Desire, grief, expectation, reality — these are all threads that, when wound together like fibres of some heaving emotional muscle, form the Great Sports Moment. That Moment is only possible when tension pulls those threads tight, like in a tie game with seconds left on the clock, haymakers thrown with abandon as a fight comes to a close, or a trick of unimaginable difficulty that needs to be landed to take home the gold. These Moments cause us to tense, too. Backs straighten, seats gripped, breath held or released in a strained supportive howl.

We react this way because we desire a particular outcome, which may or may not be contrary to our expectation of how events will unfold. Grief is always at the door, but encroaching reality keeps us glued to the scene because desire, often whitewashed as hope, is an engine that demands attention. It's in this fuzzy space where language blurs and metaphors mix. How do you speak to the kaleidoscope of emotion that exists in the atoms of a second? Those feelings saturate, hover like a ghost in the hall. The direction they take is determined by that tension.

When it finally releases and reality in the shape of an outcome is determined, you are launched into a new order of being: elated and eternal or the Praetorian Guard of despair. You occupy this form until the next game/match/contest or you hold onto it; its shrapnel lodged inside your person until the end of days.

That's what the Great Sports Moment creates: a universe to live in for seconds or eternity — a big bang. Or, in the case of Monday's NBA playoff matchup between the New York Knicks and Philadelphia 76ers, a big bang bang.

Welcome to Morville

Rank: 1!
Mood: 🌇

Almost in opposition to Jacob Harris' vision as a filmmaker is that of Limosine Skateboards. Limo trades in something closer to an anti-aesthetic, a slap-it-together-and-send-it-off style of video editing and production that feels as honest as it does invigorating. Part of that is obviously due to the skateboarding, which is often just as raw and chaotic. Their latest offering, 8, is chock-full of quality clips from the whole Limo team, along with full sections from the galaxy-brained Max Palmer and the Tasmanian Devil that is Nelly Morville.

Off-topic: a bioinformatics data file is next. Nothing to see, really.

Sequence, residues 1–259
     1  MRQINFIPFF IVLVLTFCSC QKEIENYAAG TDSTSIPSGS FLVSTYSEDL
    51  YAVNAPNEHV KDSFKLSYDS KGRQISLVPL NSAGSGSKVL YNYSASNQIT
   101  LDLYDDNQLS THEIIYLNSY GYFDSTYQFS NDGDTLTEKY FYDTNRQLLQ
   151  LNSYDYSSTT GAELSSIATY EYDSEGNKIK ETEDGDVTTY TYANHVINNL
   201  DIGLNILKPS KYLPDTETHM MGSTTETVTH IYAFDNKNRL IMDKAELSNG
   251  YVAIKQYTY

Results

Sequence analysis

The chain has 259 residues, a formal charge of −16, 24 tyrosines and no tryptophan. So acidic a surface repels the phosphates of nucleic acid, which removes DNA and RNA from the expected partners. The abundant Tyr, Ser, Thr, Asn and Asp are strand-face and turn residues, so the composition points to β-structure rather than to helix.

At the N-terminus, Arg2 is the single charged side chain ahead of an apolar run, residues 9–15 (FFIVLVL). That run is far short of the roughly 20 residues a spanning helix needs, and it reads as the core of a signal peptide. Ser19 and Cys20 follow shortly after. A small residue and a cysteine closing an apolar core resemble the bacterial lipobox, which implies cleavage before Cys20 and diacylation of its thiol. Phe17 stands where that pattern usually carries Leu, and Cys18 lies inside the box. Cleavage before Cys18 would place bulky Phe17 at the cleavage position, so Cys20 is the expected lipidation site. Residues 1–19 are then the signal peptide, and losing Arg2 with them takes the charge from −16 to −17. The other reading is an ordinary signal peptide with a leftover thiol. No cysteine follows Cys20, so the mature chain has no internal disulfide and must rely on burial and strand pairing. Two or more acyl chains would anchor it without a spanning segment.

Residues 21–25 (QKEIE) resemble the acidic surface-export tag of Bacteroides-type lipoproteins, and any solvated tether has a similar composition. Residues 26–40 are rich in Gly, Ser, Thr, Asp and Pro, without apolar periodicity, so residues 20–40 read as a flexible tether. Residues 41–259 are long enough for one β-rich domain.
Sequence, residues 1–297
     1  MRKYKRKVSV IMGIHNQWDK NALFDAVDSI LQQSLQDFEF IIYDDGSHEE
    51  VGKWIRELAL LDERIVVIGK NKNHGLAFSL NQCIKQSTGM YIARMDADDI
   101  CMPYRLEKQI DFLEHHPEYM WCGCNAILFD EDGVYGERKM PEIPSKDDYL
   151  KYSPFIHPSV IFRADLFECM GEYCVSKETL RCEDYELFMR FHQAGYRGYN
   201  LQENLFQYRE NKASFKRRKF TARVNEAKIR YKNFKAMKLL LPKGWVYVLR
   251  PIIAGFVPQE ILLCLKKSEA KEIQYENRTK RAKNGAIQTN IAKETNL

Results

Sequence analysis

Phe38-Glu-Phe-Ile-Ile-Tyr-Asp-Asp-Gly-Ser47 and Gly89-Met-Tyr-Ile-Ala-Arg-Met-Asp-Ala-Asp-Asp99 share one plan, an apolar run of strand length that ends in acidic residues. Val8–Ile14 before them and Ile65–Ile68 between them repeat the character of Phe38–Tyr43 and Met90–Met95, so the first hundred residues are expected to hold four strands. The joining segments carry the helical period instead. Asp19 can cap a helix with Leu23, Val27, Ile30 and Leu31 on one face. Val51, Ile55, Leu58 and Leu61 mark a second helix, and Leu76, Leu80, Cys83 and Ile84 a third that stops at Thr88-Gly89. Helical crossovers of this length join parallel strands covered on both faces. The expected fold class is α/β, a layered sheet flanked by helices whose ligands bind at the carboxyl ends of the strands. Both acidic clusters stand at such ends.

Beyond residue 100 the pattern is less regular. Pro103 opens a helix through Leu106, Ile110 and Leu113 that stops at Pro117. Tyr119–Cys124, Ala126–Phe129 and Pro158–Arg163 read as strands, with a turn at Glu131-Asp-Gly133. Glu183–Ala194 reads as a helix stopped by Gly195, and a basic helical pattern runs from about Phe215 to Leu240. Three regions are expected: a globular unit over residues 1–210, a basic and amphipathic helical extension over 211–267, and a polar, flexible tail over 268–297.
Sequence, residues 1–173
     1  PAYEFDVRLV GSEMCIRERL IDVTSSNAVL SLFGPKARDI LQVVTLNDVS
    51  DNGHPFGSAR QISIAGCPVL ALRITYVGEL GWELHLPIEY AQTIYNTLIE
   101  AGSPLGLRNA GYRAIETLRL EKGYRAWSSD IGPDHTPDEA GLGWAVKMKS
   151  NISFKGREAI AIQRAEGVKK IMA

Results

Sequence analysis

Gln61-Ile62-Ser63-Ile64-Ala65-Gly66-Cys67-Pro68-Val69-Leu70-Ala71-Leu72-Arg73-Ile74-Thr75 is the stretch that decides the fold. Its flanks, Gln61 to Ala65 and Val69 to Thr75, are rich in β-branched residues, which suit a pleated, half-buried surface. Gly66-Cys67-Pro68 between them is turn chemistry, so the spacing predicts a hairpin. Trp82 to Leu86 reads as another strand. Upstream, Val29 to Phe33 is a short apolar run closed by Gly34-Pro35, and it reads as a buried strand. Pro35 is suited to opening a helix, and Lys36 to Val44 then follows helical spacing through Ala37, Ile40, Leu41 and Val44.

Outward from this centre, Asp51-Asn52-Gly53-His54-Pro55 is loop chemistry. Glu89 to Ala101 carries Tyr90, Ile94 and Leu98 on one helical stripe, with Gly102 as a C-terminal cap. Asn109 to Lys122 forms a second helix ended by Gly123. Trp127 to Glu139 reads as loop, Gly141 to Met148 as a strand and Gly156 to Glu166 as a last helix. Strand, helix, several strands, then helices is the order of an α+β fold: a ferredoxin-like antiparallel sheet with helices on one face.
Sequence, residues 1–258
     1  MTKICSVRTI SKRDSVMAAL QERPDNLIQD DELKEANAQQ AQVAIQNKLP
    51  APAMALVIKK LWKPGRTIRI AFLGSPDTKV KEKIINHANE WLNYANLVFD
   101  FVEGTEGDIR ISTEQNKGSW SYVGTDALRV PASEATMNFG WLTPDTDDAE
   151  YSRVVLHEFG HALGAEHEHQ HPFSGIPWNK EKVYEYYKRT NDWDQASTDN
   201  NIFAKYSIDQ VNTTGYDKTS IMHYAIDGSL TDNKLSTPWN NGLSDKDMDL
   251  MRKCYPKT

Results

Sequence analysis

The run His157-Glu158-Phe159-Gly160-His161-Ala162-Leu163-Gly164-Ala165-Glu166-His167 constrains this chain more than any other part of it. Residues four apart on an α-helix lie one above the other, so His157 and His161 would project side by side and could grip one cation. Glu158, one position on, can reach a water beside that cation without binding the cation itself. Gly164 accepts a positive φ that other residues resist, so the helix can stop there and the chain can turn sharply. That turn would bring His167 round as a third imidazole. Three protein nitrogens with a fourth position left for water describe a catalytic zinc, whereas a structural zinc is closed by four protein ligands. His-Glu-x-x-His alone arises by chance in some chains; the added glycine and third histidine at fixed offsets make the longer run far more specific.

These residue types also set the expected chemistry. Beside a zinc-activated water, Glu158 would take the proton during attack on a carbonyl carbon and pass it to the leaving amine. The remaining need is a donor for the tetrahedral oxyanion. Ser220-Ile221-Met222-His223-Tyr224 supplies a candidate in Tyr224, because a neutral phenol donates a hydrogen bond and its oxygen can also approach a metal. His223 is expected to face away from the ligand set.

Every subsequent Morville video part has been better than the last. They slam and slide and flip and drop-in and find spots that are not spots but make them so with such verve and conviction. Morville's progression and recklessness get turned up a notch in each appearance as if there's some genius out there with their hands on the dials who knows exactly the type of skateboarding I like to watch.

I'd like to say that 2024 is the year of Morville, but I'm pretty sure that was last year, too. So perhaps we can't place their rise in a window of time, but a place we all occupy — it's already in their name. So, if you weren't here already, please come in. Welcome to Morville.

Something to consider:


Via @sunraysunray on Twitter

Good thing: Cindy Lee performing in Vancouver earlier this month while touring their amazing new double album Diamond Jubilee.

Another good Morville thing: Farran Golding's interview with Nelly Morville from Closer #3 is now up on their site. #WelcomeToMorville

“Have You Met Nelly Morville?” An Interview with Limosine’s Breakout Star
Nelly Morville talks growing up in San Clemente, getting sponsored by Limosine, ‘Paymaster’ and more in her interview from Closer #3.

That's right, another good thing:

Brandy Jensen: “The Polycrisis”
A review of Molly Roden Winter’s More: A Memoir of Open Marriage and Christopher Gleason’s American Poly: A History.

Mhm, one more good thing:

“I’m sure I could have kept my career going for a while, and it was tempting to do that because I was making really good money, but I felt strongly I needed to do something else.”

Bumping a thing from earlier this week thing:

Building momentum
Everything is moving in the right direction for TJ Rogers.

Until next week… you can find inspiration anywhere. The way a tree sways in the wind, a song leaking out the window of a passing car, students and teachers risking their livelihoods for what's right. When you find that inspiration, take it and make it your own.

Laser Quit Smoking Massage

NEWEST PRESS, available April 1, 2024


My new collection of essays is available now. I think you might like it. The Edmonton Journal thinks it's a "local book set to make a mark in 2024." The CBC called it "quirky yet insightful." lol.

Book cover by Hiller Goodspeed.

Order the thing

Right, Down + Circle



I wrote a book about the history and cultural impact of Tony Hawk’s Pro Skater that you can find at your local bookshop or order online now. I think you might like this one, too.

Here’s what Michael Christie, Giller Prize-nominated author of the novels Greenwood and If I Fall, If I Die, had to say about the thing.

“With incisive and heartfelt writing, Cole Nowicki unlocks the source code of the massively influential cultural phenomenon that is Tony Hawk’s Pro Skater, and finds wonderful Easter-eggs of meaning within. Even non-skaters will be wowed by this examination of youth, community, risk, and authenticity and gain a new appreciation of skateboarding’s massive influence upon our larger culture. This is my new favorite book about skateboarding, which isn’t really about skateboarding — it’s about everything.”

Photo via The Palomino.

Order the thing